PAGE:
988 - Demographic and Genetic Results From the EUROFEVERS/EUROTRAPS Consortia in the Largest Series of Patients with TRAPS Yet Reported

Monday, November 7, 2011: 9:00 AM-6:00 PM
Hall F2 - Poster Hall (McCormick Place West)
Helen J. Lachmann1, Antonella Meini2, Isabelle Touitou3, Laura Obici4, Martina Finetti5, Kirsten Minden6, Luca Cantarini7, Marine Desjonqueres8, Joost Frenkel9, Isabelle Kone-Paut10, Olga Vougiouka11, Maria Jesus Rua Elorduy12, Nicola Ruperto13, Patricia Woo1 and Marco Gattorno14, 1University College London Medical School, London, United Kingdom, 2Dipartimento di Pediatria, University of Brescia, Brescia, Italy, 3CHU Montpellier - Hôpital Arnaud de Villeneuve, Montpellier, France, 4IRCCS Policlinico S. Matteo, Pavia, Italy, 5IRCCS Istituto G. Gaslini, Genova, Italy, 6Charite, Berlin, Germany, 7Policlinico le Scotte, Sienna, Italy, 8Hopital Femme Mere Enfant, Groupement Hospitalier Est, Lyon, France, 9University Medical Center Utrecht, Utrecht, Netherlands, 10CHU Le Kremlin Bicetre, Paris, France, 11P. A. Kyriakou Childrens Hospital of Athens University, Athens, Greece, 12Hospital de Cruces, Barakaldo, Spain, 13Paediatric Rheumatology International Trials Organisation – IRCCS [PRINTO], Genova, Italy, 14G Gaslini Institute, Genoa, Italy
Presentation Number: 988

Background/Purpose: The TNF receptor associated periodic syndrome (TRAPS) is an autosomal dominant autoinflammatory syndrome due to mutations in the TNFRSF1A gene. It is associated with severe morbidity and increased mortality due a high risk of AA amyloidosis.  The estimated prevalence is 1 per million and experience has previously been limited to small series.

Method: The Eurofever/Eurotraps consortia (funded by the European Union) have developed a common web-based registry for all autoinflammatory diseases . The registry is accessed from the member area of the PRINTO web-site (www.printo.it/eurofever) and is available to all interested specialists physicians.

Result: 178 patients with clinical disease and a TNFRSF1A mutation were identified from 11 countries. The series included cases with 66 different mutations and 2 low penetrance mutations/polymorphisms, R92Q and P46L. Of the 66 mutations 8 (12%) were reported in more than 1 unrelated individual or kindred; 19 (29%) mutations affected a cysteine residue and of these 5 (26%) were seen in at least 2 unrelated patients. The T50M mutation was the most widespread and was found in 5 families originating from 5 different European countries. More than 1 disease associated mutation was identified at 7 sites, including 5 cysteine residues. In total of the 122 patients with a TNFRSF1A mutation: 68 (60.7%) reported a family history of similar symptoms; 58 (51.8%) were male; 105 (93.8%) were of Caucasian ethnicity and the mean age at symptom onset was 7.6 yrs (range: neonatal to 49 yrs). Of note in 10 patients (9%) the first symptoms developed after the age of 30 yrs. The 59 patients with R92Q polymorphism were 98% Caucasian, 45.8% male and 17% gave a family history of similar inflammatory disease. They presented at an average age of 10 yrs (range: neonatal to 52.6 yrs). The 7 patients with the P46L polymorphism included 2 patients of African ancestry, 1 Turk and a Gulf Arab, they presented at an average age of 16.6 yrs (range: 2.5 to 66.3 yrs) and 2 of them reported that other family members had similar disease.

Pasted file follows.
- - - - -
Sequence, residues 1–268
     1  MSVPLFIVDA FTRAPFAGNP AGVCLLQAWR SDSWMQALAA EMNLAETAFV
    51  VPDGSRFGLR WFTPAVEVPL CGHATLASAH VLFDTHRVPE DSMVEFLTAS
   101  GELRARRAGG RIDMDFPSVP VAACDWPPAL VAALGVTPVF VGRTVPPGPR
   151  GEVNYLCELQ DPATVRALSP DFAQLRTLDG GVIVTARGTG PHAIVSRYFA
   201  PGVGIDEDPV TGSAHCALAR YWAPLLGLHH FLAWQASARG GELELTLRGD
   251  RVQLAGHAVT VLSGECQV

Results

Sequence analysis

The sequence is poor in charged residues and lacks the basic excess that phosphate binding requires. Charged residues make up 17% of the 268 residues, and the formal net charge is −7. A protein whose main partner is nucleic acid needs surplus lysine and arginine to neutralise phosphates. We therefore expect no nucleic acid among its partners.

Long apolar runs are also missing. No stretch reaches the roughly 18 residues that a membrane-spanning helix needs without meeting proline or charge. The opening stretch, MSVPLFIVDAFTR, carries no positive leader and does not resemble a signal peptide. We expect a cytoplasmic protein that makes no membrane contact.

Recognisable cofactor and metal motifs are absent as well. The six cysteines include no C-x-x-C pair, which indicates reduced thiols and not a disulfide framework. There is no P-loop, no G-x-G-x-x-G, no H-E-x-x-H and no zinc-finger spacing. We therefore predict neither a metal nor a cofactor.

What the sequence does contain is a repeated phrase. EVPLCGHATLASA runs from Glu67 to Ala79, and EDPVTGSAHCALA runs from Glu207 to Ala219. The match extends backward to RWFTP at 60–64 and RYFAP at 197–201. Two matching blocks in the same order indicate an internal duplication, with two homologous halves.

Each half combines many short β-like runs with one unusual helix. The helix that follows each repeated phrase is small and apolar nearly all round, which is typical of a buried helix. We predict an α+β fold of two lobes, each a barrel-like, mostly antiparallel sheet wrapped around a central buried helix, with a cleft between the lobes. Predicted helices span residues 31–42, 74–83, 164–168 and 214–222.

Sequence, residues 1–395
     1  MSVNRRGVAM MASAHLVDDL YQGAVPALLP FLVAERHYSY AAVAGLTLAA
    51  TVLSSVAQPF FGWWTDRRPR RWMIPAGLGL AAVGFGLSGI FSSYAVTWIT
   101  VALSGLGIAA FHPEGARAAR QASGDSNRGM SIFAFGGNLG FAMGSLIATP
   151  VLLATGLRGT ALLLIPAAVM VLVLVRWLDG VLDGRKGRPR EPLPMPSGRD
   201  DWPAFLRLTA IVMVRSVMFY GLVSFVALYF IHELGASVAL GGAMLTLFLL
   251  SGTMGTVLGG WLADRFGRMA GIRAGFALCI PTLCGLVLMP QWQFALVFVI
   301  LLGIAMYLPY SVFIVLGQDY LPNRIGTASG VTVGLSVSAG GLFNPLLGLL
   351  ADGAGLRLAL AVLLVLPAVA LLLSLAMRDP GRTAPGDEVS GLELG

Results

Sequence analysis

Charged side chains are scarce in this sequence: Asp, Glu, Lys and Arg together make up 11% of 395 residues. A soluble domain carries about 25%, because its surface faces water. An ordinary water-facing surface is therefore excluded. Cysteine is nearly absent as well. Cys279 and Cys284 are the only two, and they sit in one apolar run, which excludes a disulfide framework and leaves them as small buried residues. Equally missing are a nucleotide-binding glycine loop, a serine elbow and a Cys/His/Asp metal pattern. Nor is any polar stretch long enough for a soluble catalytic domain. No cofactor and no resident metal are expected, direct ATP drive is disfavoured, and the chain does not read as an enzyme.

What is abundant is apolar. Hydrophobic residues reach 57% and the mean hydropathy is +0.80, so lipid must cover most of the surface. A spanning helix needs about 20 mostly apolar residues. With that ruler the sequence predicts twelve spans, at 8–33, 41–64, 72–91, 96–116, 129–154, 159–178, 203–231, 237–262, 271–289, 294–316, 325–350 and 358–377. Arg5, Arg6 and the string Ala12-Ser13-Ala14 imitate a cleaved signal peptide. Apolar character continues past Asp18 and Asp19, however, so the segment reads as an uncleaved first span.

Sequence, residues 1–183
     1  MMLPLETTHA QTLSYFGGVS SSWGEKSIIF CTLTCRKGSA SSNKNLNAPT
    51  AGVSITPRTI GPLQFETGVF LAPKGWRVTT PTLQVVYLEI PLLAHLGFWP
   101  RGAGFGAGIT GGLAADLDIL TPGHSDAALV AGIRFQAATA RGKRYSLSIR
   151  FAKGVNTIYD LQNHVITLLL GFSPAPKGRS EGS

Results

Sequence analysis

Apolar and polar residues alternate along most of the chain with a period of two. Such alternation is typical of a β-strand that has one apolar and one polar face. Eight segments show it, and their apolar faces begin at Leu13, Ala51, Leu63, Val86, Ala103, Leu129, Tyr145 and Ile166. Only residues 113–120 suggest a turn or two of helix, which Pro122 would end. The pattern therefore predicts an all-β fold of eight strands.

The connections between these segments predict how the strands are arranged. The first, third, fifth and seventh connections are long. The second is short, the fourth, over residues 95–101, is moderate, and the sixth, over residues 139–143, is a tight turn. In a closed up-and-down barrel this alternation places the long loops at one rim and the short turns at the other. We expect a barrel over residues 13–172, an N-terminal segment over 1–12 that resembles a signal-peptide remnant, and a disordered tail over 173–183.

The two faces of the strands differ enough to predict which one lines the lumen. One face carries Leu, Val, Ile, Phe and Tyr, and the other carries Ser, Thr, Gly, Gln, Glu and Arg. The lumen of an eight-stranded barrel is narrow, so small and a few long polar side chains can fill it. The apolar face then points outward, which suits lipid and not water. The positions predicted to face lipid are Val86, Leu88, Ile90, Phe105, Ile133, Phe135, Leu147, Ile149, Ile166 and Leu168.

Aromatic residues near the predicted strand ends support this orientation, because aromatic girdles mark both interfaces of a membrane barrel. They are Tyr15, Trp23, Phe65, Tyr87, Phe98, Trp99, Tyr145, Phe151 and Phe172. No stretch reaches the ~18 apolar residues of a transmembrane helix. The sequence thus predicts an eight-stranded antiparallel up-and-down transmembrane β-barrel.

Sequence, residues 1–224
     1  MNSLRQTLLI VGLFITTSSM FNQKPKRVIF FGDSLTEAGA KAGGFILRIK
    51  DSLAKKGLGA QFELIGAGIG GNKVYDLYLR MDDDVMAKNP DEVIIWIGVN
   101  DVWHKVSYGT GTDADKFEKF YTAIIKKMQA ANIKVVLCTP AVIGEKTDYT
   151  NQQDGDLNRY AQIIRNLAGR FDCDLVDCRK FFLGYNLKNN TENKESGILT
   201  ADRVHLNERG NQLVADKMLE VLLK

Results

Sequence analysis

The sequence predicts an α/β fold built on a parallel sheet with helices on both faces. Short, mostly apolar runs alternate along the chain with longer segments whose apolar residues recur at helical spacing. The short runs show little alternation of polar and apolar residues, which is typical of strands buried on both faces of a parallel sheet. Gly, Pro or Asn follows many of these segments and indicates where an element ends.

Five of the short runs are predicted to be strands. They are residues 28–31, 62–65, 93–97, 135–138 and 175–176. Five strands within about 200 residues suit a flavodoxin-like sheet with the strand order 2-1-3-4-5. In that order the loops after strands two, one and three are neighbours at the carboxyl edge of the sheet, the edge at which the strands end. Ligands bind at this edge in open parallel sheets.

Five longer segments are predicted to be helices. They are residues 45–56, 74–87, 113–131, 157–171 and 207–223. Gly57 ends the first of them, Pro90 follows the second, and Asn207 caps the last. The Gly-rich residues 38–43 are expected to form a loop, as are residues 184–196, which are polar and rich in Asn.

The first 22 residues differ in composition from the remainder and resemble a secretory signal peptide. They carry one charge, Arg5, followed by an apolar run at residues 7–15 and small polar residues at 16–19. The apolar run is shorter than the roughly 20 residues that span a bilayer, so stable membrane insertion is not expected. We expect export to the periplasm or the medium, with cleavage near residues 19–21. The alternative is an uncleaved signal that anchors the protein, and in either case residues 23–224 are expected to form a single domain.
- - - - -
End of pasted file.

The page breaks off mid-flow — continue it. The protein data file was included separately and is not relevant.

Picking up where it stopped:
Conclusion: The EUROFEVERS/EUROTRAPS consortia have collected data on 178 mutation positive TRAPS patients from 11 countries constituting the most extensive clinical series to date. The patients were largely contributed by European centres which may explain the dominance of Caucasian ethnicity. It confirms that TRAPS usually presents in childhood with a median age at presentation of less than 5 yrs but 9% of patients present well into adult life. 60% of patients report a family history of disease and most reported kindreds are small and mutations are family specific. Mutations affecting cysteine residues in extracellular domains are over represented but the most widespread disease causing mutation is T50M. Symptomatic patients with the well recognised polymorphism of R92Q and P46L make up 38% of the patients and appear to have a later onset of disease symptoms with lower penetrance. The availability of a large patient cohort will facilitates interpretation of the significance of TNFRSF1A mutations/polymorphism and understanding of genotype phenotype correlations.

Keywords: inflammation

Disclosure: H. J. Lachmann, None; A. Meini, None; I. Touitou, None; L. Obici, None; M. Finetti, None; K. Minden, Abbott Immunology Pharmaceuticals, 6 ; L. Cantarini, None; M. Desjonqueres, None; J. Frenkel, None; I. Kone-Paut, None; O. Vougiouka, None; M. J. Rua Elorduy, None; N. Ruperto, None; P. Woo, None; M. Gattorno, None.